# Multiple Isomorphous Replacement (MIR) Phasing

The basic concept of MIR phasing

Isomorphous replacement is the first phasing technique which became available to macromolecular crystallographers. It is based on the fact that the structure factor F(hkl) for a certain reflection hkl is a simple summation of all individual atomic scattering contributions : This allows us to do simple arithmetics with F such as F(p+h) = F(p) + F(h). Let us assume that Fp is the structure factor of a reflection for the protein, and Fph for the same protein now including a heavy atom. Heavy atoms such as transition metals, lanthanides, Uranuim, even noble gasses under pressure, can quite successfully be soaked into crystals through slovent channels and frequently bind to well defined sites in the native protein. Such a protein crystal is then called a heavy atom derivative (crystal). Based under the assumption that the derivative crystal retains its structure (i.e., is in fact isomorphous) we guess that we should be able to derive some information on the structure factor amplitudes for the heavy metal from the differences between the derivative and the native dataset.

Unfortunately, in the absence of phase information we cannot apply the simple subtraction F(h) = F(p+h) - F(p) and end up with the structure factors (and thus positions) of the heavy atom in one step, at least not in the generic non-centrosymmetric case of interest to macromolecular crystallographers. Note also that |Fh| = |Fph| - |Fp| is not correct! This is obvious from the fact that a negative difference in the intensities may well occur - only implying that the phase of Fh is somehow opposite to Fp. We need to separate phase terms from magnitudes in order to do math correctly with a mixture of structure factors F and structure amplitudes |F|.

We need to answer the following questions to attack the problem steps by step :

• What is the formal vector mathematics behind the MIR phasing ?
• How do we actually find the heavy atom positions ?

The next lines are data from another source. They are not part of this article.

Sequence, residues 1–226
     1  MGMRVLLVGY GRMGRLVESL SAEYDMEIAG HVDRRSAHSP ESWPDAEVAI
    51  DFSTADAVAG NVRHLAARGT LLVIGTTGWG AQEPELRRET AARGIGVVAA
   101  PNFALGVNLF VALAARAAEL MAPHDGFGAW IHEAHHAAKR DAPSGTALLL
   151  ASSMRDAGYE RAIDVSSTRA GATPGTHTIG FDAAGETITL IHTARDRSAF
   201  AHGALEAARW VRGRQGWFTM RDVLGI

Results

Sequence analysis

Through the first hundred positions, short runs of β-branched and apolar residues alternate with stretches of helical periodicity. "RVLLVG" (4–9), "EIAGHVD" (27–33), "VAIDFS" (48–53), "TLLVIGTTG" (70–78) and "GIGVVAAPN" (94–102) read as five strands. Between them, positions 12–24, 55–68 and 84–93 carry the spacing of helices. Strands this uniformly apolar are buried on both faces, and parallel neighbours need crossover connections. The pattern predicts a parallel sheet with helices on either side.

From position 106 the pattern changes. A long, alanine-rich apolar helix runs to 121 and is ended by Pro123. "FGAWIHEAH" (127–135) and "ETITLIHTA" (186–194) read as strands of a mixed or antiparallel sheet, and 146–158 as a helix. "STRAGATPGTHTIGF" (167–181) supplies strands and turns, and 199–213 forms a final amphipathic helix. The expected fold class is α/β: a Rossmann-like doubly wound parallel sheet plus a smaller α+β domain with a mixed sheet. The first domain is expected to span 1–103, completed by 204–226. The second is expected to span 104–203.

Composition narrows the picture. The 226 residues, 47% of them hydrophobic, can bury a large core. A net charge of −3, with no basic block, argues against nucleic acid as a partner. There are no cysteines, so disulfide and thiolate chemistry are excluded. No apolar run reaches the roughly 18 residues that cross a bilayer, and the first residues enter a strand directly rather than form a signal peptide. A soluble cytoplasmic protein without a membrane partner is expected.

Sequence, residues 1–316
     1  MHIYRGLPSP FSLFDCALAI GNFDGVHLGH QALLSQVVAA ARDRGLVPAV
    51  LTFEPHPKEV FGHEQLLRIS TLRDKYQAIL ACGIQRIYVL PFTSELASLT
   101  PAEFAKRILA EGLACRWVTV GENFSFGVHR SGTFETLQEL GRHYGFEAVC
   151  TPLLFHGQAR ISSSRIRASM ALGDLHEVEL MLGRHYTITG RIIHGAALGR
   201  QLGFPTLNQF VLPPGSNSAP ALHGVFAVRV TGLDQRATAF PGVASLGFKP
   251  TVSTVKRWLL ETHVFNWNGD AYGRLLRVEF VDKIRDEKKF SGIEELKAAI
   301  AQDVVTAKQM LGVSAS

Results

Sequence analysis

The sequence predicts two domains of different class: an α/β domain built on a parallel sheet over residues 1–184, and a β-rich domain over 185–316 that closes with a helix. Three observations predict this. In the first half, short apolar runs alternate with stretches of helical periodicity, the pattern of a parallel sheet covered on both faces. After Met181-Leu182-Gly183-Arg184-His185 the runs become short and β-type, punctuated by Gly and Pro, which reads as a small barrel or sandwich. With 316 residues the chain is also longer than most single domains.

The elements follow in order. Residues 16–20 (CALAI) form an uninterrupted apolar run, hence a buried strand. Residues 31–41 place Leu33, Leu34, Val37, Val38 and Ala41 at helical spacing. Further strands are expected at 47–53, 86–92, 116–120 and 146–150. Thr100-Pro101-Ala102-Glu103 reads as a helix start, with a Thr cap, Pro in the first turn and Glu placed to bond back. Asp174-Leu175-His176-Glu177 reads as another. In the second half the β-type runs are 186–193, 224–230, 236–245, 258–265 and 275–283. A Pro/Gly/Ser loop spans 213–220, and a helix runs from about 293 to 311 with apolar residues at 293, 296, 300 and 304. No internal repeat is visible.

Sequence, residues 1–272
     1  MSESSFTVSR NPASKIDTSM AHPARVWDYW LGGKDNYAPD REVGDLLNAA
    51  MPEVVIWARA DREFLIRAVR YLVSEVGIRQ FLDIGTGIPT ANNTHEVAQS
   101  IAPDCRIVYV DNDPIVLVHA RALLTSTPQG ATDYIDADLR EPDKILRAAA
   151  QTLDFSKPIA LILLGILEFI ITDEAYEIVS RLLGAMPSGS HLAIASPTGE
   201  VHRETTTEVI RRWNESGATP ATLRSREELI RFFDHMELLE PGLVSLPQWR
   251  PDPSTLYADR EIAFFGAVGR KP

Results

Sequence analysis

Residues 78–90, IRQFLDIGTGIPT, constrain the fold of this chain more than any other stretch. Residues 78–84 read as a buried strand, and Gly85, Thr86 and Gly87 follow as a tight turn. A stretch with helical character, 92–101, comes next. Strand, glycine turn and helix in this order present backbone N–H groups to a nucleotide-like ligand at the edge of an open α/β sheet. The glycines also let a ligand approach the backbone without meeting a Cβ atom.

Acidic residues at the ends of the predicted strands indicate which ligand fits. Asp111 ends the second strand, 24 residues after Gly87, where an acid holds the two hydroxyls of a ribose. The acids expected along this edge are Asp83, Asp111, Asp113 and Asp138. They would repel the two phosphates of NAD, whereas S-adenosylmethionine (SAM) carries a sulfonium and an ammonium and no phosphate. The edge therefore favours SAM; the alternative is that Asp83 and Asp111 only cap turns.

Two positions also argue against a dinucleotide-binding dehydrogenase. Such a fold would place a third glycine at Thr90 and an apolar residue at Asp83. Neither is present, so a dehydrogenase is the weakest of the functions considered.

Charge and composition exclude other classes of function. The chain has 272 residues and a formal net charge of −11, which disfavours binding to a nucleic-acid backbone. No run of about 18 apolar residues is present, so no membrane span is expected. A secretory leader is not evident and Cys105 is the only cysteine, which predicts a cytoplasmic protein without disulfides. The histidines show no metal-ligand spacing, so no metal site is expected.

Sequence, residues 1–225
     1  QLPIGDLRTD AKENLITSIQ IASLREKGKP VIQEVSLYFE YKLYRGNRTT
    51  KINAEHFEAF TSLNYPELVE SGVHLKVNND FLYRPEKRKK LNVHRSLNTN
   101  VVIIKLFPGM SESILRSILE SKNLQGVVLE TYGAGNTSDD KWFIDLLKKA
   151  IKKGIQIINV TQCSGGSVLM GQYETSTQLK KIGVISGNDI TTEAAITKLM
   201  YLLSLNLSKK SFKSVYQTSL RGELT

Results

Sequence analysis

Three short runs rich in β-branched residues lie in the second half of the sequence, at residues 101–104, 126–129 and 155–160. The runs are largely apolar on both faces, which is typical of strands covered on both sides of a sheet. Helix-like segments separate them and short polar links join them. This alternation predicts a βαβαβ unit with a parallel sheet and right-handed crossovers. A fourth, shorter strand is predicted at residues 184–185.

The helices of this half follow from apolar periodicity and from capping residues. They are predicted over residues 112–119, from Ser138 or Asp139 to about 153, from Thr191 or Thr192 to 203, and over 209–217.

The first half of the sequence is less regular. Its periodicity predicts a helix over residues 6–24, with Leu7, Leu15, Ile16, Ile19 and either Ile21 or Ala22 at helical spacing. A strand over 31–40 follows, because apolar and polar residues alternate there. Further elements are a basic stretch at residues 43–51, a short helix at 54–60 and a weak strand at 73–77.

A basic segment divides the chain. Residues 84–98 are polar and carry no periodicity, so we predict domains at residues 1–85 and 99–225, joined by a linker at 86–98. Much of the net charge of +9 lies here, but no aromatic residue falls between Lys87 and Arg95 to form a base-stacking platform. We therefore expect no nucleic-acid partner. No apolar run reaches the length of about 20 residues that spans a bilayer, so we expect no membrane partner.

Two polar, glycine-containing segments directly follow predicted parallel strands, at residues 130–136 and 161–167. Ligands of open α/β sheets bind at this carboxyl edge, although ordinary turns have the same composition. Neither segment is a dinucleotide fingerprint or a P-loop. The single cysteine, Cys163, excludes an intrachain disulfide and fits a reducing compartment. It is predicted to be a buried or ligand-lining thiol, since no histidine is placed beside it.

• How do we get the protein phases and how "good" are they really ?

### Correlation of native and derivative scattering factors

At this point, you may want to briefly review the introduction to vector representation of scattering factors. The following vector diagram (Harker presentation) illustrates the relationship between native and derivative scattering factors. The objective of a phasing experiment is to derive the unknown phase a (p) of each protein reflection Fp. From our the experiment, we know only the magnitudes |Fph| (derivative) and |Fp| (protein) which can be represented in the complex plane as a circle of radius |Fph| and |Fp| , respectively. If we know both the magnitude and the phase of Fh we can draw both circles offset by vector Fh and obtain 2 solutions for possible phase values for Fp (magenta arrows) : The phase and magnitude of Fh can be calculated easily if we know the positions of a heavy metal (we will show in the next chapter how to determine these positions). At this point is is clear that the best phase we can obtain from the 2 solutions is the mean in between the 2 possibilities, and the phase error can be quite large. In real cases, Fh is much shorter that my red vector, and the phase error will be quite large, somewhat below 90 degrees. We realize that on average, SIR (Single Isomorphous Replacement) phases will be better with larger contributions from the heavy metal. More about SIR phases later.

In order to eliminate the phase ambiguity we can prepare a second derivative and repeat the procedure. Provided the heavy atom is not at the same position, we can now obtain a unique solution for a (p), the phase of Fp : We have now, at least in theory, an exact solution for the phase angle of Fp. The theory is based on 2 assumptions : a) ideal isomorphism and b) exact heavy atom positions, neither of which are perfectly met, for practical and experimental reasons in the first case and for theoretical reasons in the second. In our picture it means that the phasing circles may not intersect in exactly in one spot, and another derivative may be necessary to improve the quality of the phases. The method is therefore called MIR, Multiple Isomorphous Replacement. More about MIR phases and their quality later.

What remains at this point is to investigate how we can actually determine the positions of the heavy metal atoms with nothing else but the Structure factor amplitudes of native protein, |Fp|, and of an isomorphous heavy metal derivative, |Fph|. Click her to proceed to calculate some isomorphous derivative Patterson maps. - Working on that.... Back to X-ray Tutorial Index
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Last revised Dezember 27, 2009 01:40